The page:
Approaching 2,000 feet, Robison turns off the engine. He tilts the sailplane’s nose and wings up and down with a control stick located between his extended legs. He directs the aircraft left or right via foot pedals connected to the rudder. He monitors gauges for altitude, air speed and vertical speed. He is an engaged pilot.

The lone sound is generated by wind rushing through a slightly opened side vent. The glider’s transparent bubble canopy facilitates an essential bird’s-eye view of the surroundings. Robison is on the lookout for a puffy cloud – the product of rising air – for an altitude boost. 

“You can be back on the ground in 10 minutes if the weather is not good or your skill level isn’t up to par to keep you up,” he said. “My longest flight is over 12 hours.”

A wealth of technology at the glider pilot’s fingertips helps him  to gauge altitude,  air speed and  vertical speed.Robison piloted his first sailplane just days after discovering the availability of flying lessons at the gliderport. He obtained his glider pilot’s license several weeks later, prior to his freshman year at Penn State. An earth and mineral sciences major, he became president of the university’s soaring club, “occasionally” missing class to fly near and above campus. Following graduation, Robison moved to New York City and conducted contamination assessments at ground zero. But on the weekends and during vacations, he found himself back at the gliderport, soaring and assisting with facility maintenance.

Eventually, he traded city skyscrapers for Pennsylvania mountains for good. Robison moved back home, earned his Airframe and Powerplant Maintenance Certificate at Penn College and opened a glider-repair business. He ran the enterprise for several years before his part-time teaching position at the college became full time in 2011.

“It’s hard not to like teaching here if you’re really into aircraft as much as I have been my whole life,” he said. “The facilities are fantastic. It’s been a lot of fun. It’s neat to see the students make the connections and start to have a passion for aviation.”

Brett A. Reasner, dean of Penn College’s School of Transportation & Natural Resources Technologies, appreciates the passion and expertise Robison exudes in the classroom. 

“The firsthand knowledge Mike has as a glider pilot helps in his aerodynamics and cockpit instrumentation classes, and he also helps the students have a better understanding of another segment in the aviation industry,” Reasner said. “He is a student-centered faculty member who truly wants his students to be the best technicians.”

During college breaks, Robison usually competes in a few gliding competitions, whether they be near his home, in California or New York. At the U.S. Nationals, he’s posted two second-place finishes in the Open Class (maximum weight of 850 kilograms, or 1,873 pounds). Those performances led to a spot on the U.S. Soaring Team for the 2016 World Gliding Championships in Lithuania and the 2017 event in Australia.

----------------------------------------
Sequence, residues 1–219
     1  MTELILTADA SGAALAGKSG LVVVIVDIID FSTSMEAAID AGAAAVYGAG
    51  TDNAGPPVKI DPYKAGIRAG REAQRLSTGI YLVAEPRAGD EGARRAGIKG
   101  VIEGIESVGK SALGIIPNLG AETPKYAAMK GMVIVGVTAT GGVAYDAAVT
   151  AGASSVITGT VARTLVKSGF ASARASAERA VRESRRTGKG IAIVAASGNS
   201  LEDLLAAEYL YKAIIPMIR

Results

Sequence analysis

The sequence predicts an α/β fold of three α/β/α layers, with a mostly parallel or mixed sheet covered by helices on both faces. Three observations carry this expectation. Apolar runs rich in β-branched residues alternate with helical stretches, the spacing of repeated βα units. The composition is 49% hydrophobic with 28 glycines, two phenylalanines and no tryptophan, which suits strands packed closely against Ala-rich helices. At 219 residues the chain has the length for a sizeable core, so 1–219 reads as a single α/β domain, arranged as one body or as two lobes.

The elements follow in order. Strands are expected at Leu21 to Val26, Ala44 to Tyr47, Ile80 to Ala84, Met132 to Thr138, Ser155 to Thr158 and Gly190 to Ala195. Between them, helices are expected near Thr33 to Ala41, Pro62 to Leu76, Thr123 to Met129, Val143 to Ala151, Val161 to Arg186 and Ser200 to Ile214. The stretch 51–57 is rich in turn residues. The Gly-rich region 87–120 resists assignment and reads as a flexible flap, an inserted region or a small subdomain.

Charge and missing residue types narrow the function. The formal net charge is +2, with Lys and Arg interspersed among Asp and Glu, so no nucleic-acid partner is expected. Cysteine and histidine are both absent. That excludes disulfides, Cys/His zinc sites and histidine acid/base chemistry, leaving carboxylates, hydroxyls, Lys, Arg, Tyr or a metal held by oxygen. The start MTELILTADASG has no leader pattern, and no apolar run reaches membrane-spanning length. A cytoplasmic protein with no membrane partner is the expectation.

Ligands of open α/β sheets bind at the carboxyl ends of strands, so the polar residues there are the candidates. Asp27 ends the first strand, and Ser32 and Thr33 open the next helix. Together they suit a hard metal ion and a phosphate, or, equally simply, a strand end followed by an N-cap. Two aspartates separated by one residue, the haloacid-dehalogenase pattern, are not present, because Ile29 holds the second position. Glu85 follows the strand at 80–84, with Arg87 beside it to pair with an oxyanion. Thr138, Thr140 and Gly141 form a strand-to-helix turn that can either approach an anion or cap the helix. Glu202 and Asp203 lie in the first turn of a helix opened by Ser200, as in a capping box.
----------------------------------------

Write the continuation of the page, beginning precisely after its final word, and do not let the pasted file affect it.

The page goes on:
I’ve had two once-in-a-lifetime experiences,” Robison said with a smile.

“I’ve had two once-in-a-lifetime experiences,” he said with a smile.

The father of two said those experiences wouldn’t have occurred without the support of his wife because the world competition is an all-consuming commitment. Months of preparation end with disassembling the glider and shipping it overseas to be reassembled on-site. After several days of practice, the glider pilots spend two weeks competing against one another. Every day, they earn points based on their speed around a challenging course. The pilot accumulating the most points is declared world champion.

Robison finished seventh in Lithuania and in the bottom third in Australia. He believes unfamiliarity with the borrowed glider used in Australia contributed to that placement.

“The difference between first place and 20th place is pretty small,” he said. “I learned a lot and would love to go back and do it again, mostly for the reason that I think I can do better.”

He’ll get his chance in late July. Robison will compete at the 2018 World Gliding Championships in the Czech Republic. In other words, he’ll have a third “once-in-a-lifetime experience.”

“Competing is exciting, but really it’s about the experience of traveling to these countries and getting to fly in their airspace,” he said.

Robison’s flight in his home airspace above the sun-splashed Bald Eagle Ridge proves that his genuine love for gliding exceeds his competitive spirit. He marvels at the hawk soaring to his left and is excited to spot and navigate toward that elusive puffy cloud. Emerging from the blanket of white, he is once again greeted by a sea of green coloring the central Pennsylvania landscape. The sight inspires Robison to reveal his chief motivation.

“It’s just enjoyable to go up and look around,” he said. “You can look out and see in all directions. The view is pretty much unparalleled. It certainly makes my world go around.” 

A world that fortunately includes Penn College. ■